Strengthen forums for matching/ connecting caregivers, resources, and services: One role of CGL is acting as a connector between caregivers, resources, and services. This can be strengthened by establishing robust technical and physical means, such as systems to make any “matching” easier, and also “tracking” systems to ensure all inquiries and leads are followed up and closed.

Act as enabler for others who want to set up essential support systems, by providing knowhow and material: I note that CGL plans to create multiple support groups and also to train attendants. I suggest CGL focuses on becoming an “enabler” to others in these areas so that that more people benefit and CGL’s time and energy are not exhausted in providing benefit to a limited number of people. So, for example, instead of trying to train multiple batches of attendants, CGL can execute one or two prototype projects to design a model that agencies can use to train attendants. I have some detailed suggestions on both these areas that I make available to any interested volunteer, and I will be happy to share these with CGL too.

Share their learning curve experience with others who may want to support caregivers: With two years of trying to set up this social venture, CGL has experience that could be useful to others starting similar social ventures. CGL can share what worked and what did not when it tried to locate caregivers, connect with them and help them, and also as it tried to locate/ evaluate resources and services, etc.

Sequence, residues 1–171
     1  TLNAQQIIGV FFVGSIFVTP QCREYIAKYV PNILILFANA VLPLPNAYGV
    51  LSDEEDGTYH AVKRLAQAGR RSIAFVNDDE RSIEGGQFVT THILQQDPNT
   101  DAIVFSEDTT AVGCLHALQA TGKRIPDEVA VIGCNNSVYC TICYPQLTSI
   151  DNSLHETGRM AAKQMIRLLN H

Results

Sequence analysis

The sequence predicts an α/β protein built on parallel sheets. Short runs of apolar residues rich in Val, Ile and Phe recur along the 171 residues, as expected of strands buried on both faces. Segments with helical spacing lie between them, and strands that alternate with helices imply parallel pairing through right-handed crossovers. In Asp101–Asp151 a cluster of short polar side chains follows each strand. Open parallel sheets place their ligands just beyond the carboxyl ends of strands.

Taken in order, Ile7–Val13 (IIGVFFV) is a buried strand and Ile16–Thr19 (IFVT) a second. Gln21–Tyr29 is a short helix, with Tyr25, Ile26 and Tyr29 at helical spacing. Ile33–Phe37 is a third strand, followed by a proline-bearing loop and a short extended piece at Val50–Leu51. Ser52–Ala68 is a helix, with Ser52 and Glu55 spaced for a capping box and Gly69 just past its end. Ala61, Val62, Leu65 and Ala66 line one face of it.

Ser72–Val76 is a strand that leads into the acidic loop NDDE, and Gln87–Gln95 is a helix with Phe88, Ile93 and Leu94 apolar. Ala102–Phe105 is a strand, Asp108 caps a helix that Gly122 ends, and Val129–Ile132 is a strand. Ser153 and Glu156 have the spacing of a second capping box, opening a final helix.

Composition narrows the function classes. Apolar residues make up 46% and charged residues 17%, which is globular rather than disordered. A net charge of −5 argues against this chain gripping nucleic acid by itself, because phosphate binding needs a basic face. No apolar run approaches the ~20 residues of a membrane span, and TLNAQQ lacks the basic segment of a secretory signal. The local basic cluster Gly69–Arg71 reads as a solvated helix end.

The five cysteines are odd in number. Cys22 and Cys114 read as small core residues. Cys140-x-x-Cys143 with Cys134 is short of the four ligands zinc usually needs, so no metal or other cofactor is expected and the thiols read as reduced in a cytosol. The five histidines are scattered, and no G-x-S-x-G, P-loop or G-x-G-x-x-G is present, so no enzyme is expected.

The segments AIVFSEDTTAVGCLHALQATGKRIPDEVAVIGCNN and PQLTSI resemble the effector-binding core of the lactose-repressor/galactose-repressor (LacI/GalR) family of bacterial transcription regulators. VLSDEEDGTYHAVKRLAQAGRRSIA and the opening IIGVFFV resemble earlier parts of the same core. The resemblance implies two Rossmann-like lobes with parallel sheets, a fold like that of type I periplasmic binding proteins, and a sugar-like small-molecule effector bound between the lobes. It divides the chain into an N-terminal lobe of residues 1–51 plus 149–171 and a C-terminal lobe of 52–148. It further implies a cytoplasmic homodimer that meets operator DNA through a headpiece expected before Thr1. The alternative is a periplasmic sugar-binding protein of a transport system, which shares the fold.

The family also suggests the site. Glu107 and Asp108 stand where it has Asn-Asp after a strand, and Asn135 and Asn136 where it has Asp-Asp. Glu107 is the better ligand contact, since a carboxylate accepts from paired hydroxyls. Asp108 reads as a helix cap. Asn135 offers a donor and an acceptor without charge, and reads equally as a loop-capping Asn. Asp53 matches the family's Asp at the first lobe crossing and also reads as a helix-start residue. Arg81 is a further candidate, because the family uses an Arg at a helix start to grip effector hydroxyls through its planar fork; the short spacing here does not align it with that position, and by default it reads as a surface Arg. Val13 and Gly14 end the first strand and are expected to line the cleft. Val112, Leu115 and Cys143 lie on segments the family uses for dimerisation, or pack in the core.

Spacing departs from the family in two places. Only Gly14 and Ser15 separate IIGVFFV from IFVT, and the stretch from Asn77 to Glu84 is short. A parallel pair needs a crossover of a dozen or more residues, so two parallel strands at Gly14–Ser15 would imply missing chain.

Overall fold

Continue work on small, useful projects while also working to achieve its grander vision: Every contribution is a building block that makes a difference, whether it is gathering caregiver feedback, or testing various formats of support groups, or creating a resource directory, or just connecting caregivers who may have something to share with each other. I think CGL should continue to contribute in various ways, even if the projects seem small compared to its vision. A continual stream of results provides benefits that are of direct and immediate use.

To conclude, let me add a note on my interactions with CGL: Over these past two years or so, I have had multiple interactions with the CGL team. Currently, most interactions involve sharing ideas, perspectives, resources, and links. My focus is supporting dementia caregivers in India, and I remain available to CGL for sharing resources and material in this area, and also for related caregiver support. I also provide CGL information or leads in areas where I know they are interested. I assume our interactions will continue in this format. Getting clarity on CGL’s on-going projects will probably improve the mutual value from these interactions.

As CGL moves into year 3 and beyond, I wish the team the very best.

Swapna Kishore

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Click here to read our 2010 – 2012 Round-up – A note detailing key things we’ve been working at over two years.